As a card-carrying member of the “evil news media,” I can testify that my profession ranks near the bottom of public opinion. Between “Guy with leaky bucket who will pave your driveway for a thousand bucks if you pay in advance” and “TV preacher who will mail you a vial of holy water if you send $273 to help buy a new jet.”

I understand. My profession is tainted by cable and network fear-mongering commentators masquerading as journalists. And even the reputable news reporters make our heads spin by reporting actual facts: one week, they tell us the pandemic is on the ropes, like a tired boxer on his last legs. The following week, the virus has made a miraculous comeback, gaining energy thanks to a new strain, a variant with undetermined force. These news folks are merely sharing the information made available to them by the higher-ups in government and science. If the doctors warn us to be cautious for safety’s sake, you wouldn’t want that to be covered up, right?

Still, it’s no wonder that our heads are spinning. What can we safely do, where can we go, and when can we get there?

The short answer: Nobody knows. So I’m seeking all signs of normalcy from the lives we led before March of 2020. When I check all of the following items off my list, you’ll know we have arrived.

  • When my neighborhood Ace Hardware store cranks up the free popcorn machine. Free scoops for all!
  • When it is back to being a fun spreader, and not a potential virus spreader, it will be time to celebrate.
  • When we don’t have to wear a mask all day at work. After 20 months, I still forget the mask more than I should. I long for the day when the authorities say, “You may put your mask away.”
  • When restaurants and other retailers can relax their mask regulations, so we may again see the smiling faces of servers, cashiers, and customers. The world is so much brighter when illuminated by smiles.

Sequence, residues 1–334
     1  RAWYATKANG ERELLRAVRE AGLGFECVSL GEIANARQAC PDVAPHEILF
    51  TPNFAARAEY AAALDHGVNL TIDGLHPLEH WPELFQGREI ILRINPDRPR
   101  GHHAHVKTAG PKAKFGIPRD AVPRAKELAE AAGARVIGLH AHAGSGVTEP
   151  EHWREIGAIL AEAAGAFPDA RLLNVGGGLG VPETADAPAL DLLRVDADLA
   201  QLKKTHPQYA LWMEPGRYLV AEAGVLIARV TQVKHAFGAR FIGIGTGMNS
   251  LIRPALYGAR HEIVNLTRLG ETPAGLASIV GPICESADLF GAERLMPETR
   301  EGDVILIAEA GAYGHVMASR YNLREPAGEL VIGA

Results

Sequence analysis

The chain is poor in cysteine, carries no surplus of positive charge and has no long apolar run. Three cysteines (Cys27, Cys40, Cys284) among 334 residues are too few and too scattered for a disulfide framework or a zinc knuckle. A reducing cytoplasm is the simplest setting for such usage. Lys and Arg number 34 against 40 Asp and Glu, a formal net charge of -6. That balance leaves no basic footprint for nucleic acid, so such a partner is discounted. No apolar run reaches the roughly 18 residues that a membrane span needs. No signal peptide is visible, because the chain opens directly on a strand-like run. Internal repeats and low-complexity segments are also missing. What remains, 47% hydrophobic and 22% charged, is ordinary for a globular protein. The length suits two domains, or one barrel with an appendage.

• When I can look forward to flying. Thankfully, I have not had to board an airplane during the pandemic, so I have avoided the tight quarters, the delays, and the adult toddlers who throw tantrums when asked to respect the safety of others.
  • When we can end “virtual” fund-raising events. The same goes for work meetings and family reunions. I get it, we can do amazing things with technology, and many folks enjoy working from home. But I’m over it. I want to see you, look you in the eyes, and hug you, without anyone flinching in fear.
  • When all the buffets reopen. Sure, it was always a health risk, with a flimsy sneeze guard, and sticky-fingered kids. But I will enjoy taking my chances again.
  • When the “sample ladies” are back in the supermarkets. I could sometimes enjoy half a meal while roaming the aisles. Wanna try this new cereal? You bet! How about a mini Steak’umm sandwich? Don’t mind if I do. Hostess has a new cupcake? You don’t have to ask me twice! Want to wash it all down with a little Sunny D? Why yes, thank you. I’ll bet some people even put on a ball cap and a different jacket and go back for seconds. At least that’s what I’ve heard.
  • When I can cough or sneeze in public, without people looking at me as if I have just infected the entire zip code. People used to say “Bless you” when they heard a sneeze. Now they grab their bags and kids, and head for the next county.
  • When we can pass the communion trays in church again. As a kid, I would envy those who participated in this communal experience, with zero fear. No matter your feelings on religion, this traditional celebration made us feel like one. It was a form of spiritual nourishment. It is another one of our comforts that has been taken away.
  • When we can again invite family and friends to holiday gatherings, with no fears or questions about who’s vaccinated and who’s not, or which side of the political fence they are on. I long for the days when we didn’t know, and we didn’t care.
  • When we can put away the plexiglass.
  • When retailers and restaurants are fully staffed, and we can shop and dine in around the clock.
  • Finally, when we can accompany our ailing loved ones on visits to the doctor’s office, or during hospital stays, with no limits. Whether it’s a newborn child, or an elderly relative saying their last goodbye, family members should be present. We have missed so much.

We aren’t there yet. But I have faith that we are getting there.

(David Carroll, a Chattanooga news anchor, is the author of “Hello Chattanooga: Famous People Who Have Visited the Tennessee Valley,” available at ChattanoogaRadioTV.com.You may contact him at 900 Whitehall Road, Chattanooga, TN 37405 or RadioTV2020@yahoo.com)

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